- Notes on Contributors
Sorin Bangu holds a PhD in Philosophy from the University of Toronto (2006) and is at present a Post-doctoral Fellow at the same university. His work is in philosophy of science and mathematics. He is also interested in the history of these disciplines and in their relations with metaphysics and epistemology. He published a couple of papers in these areas, dealing mainly with the role of mathematics in science.
Jesús P. Zamora Bonilla is professor in the Department of Logic, History, and Philosophy of Science of the National Open University of Spain (U.N.E.D.), Madrid, and academic co-ordinator of the Urrutia Elejalde Foundation for Economics and Philosophy. His research has centered on the economic analysis of scientific knowledge production. He has also worked on scientific realism and truth approximation. Some of his recent papers in international journals are “Truthlikeness, Rationality, and Scientific Progress” (Synthese, 2000), “Verisimilitude and the Methodology of Scientific Research Programmes” (Journal for General Philosophy of Science, 2002), “An economic model of scientific rules” (Economics and Philosophy, 2006), “Science as a persuasion game” (Episteme, 2006) and “Rhetoric, Induction, and the Free Speech Dilemma” (Philosophy of Science, forthcoming).
R.I.G. Hughes teaches in the Philosophy Department of the University of South Carolina. Published works include The Structure and Interpretation of Quantum Mechanics, Harvard University Press, 1989; Philosophical Perspectives on Newtonian Science (co-edited with Phillip Bricker), M.I.T. Press, 1990; Heinrich Hertz: Classical Physicist, Modern Philosopher (co-edited with [End Page 577] Davis Baird and Alfred Nordmann), Kluwer, 1998; A Philosophical Companion to First-Order Logic (edited), Hackett, 1993. Present project is a book (roughly 90% written) to be entitled The Practice of Theory, Essays in the Philosophy of Physics.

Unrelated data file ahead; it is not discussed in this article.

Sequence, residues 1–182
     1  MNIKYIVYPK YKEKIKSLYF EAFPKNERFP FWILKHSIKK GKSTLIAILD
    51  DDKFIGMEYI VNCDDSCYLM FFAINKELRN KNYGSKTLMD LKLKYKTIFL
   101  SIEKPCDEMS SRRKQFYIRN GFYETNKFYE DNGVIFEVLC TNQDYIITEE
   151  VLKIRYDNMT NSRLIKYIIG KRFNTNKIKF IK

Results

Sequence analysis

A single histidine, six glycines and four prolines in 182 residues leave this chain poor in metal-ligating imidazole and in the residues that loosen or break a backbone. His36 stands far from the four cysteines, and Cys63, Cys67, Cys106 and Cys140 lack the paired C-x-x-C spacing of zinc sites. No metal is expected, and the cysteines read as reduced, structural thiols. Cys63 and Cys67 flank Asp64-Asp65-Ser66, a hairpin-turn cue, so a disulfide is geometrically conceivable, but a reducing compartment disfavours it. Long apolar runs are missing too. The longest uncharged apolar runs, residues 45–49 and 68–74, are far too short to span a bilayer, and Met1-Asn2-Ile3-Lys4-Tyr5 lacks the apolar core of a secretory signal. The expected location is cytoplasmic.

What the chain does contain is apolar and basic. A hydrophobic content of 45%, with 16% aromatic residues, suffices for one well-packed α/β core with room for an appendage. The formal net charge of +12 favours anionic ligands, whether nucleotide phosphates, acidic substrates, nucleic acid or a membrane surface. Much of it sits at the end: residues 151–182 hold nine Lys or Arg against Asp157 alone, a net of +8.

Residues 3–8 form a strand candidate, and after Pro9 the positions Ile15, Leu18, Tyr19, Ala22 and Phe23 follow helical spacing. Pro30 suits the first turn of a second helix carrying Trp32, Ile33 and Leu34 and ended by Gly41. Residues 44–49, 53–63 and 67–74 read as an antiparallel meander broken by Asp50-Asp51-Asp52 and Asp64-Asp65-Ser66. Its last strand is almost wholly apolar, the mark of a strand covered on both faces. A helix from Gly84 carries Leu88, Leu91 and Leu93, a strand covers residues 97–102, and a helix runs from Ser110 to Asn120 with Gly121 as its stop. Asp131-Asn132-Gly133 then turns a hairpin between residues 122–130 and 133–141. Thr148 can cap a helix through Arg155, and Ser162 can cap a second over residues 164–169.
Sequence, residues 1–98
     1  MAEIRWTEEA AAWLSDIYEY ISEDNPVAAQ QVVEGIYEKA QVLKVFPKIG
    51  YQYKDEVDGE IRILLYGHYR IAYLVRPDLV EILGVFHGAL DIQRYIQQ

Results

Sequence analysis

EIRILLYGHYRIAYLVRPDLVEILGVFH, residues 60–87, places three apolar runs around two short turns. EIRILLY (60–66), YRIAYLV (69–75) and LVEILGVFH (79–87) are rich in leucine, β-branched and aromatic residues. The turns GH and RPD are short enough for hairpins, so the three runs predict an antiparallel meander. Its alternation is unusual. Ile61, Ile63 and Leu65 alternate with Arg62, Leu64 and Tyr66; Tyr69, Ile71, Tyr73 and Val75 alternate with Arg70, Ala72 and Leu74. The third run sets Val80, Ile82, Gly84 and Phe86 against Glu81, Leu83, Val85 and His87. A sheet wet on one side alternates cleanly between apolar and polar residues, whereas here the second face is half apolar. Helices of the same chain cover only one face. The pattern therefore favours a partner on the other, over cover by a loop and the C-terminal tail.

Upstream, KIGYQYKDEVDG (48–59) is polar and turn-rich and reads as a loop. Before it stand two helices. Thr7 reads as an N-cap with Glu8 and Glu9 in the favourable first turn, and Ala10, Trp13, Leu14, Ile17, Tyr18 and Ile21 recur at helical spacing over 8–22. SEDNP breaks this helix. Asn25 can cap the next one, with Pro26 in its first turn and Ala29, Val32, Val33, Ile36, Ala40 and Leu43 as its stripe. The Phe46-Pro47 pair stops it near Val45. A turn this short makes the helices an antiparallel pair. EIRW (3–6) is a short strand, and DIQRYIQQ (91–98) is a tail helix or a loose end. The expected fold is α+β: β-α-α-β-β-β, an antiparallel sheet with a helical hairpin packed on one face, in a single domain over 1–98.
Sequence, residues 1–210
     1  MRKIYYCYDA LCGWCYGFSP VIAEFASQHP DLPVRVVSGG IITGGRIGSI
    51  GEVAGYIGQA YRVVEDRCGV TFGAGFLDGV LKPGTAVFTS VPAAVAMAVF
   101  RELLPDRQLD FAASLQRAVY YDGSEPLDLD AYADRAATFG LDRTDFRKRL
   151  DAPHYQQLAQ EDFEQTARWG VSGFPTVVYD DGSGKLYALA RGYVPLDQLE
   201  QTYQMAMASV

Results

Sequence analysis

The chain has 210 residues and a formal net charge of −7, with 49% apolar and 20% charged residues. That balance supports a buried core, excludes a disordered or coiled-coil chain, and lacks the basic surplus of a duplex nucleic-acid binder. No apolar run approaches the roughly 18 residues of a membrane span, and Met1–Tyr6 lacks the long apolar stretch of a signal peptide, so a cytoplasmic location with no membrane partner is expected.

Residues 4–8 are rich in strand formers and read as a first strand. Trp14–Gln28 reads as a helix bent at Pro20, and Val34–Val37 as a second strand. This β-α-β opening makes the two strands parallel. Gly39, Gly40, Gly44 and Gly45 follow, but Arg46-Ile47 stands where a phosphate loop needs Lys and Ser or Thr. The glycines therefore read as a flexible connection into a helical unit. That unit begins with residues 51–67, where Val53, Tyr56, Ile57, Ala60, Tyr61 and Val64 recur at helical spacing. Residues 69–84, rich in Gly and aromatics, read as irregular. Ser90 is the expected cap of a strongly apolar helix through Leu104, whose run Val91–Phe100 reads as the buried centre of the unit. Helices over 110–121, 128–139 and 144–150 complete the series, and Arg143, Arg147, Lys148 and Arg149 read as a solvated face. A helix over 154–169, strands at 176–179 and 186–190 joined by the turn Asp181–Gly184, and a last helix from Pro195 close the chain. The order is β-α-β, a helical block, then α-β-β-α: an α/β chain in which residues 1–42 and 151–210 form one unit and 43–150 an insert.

Francesco Paolo de Ceglia received a degree in philosophy (1995) and Ph. D. in history of science (2001). He studied in Italy, France, Germany, United States and Russia. At present he is researcher and teaches history of science and media economics at the Universities of Bari and Foggia (Italy). His research concerns: 1) mathematics and philosophy in the seventeenth century; 2) medicine and theology in the eighteenth century; 3) Science communication. Among his publications are four books: Reazioni romane. L’idraulica galileiana negli scritti di Giovanni Bardi e Giuseppe Biancani (Bari, 1997); De natantibus. Una disputa ai confini tra filosofia e matematica nella toscana medicea (1611–1615) (Bari, 1999); Introduzione alla fisiologia di Georg Ernst Stahl (Lecce, 2000); Scienziati e scienza di Puglia (Bari 2007).
Rhodri Lewis is a fellow of the Max-Planck-Institut für Wissenschaftsgeschichte, Berlin. He has published a number of articles on early modern literary and intellectual history, and his book Language, Mind and Nature: Artificial Languages in England from Bacon to Locke is forthcoming in the Cambridge University Press “Ideas in Context” series. He is currently working on a book project using the reception of classical mnemotechnique as a tool with which to reconsider relations between memory, knowledge and thought from about 1500 to 1750.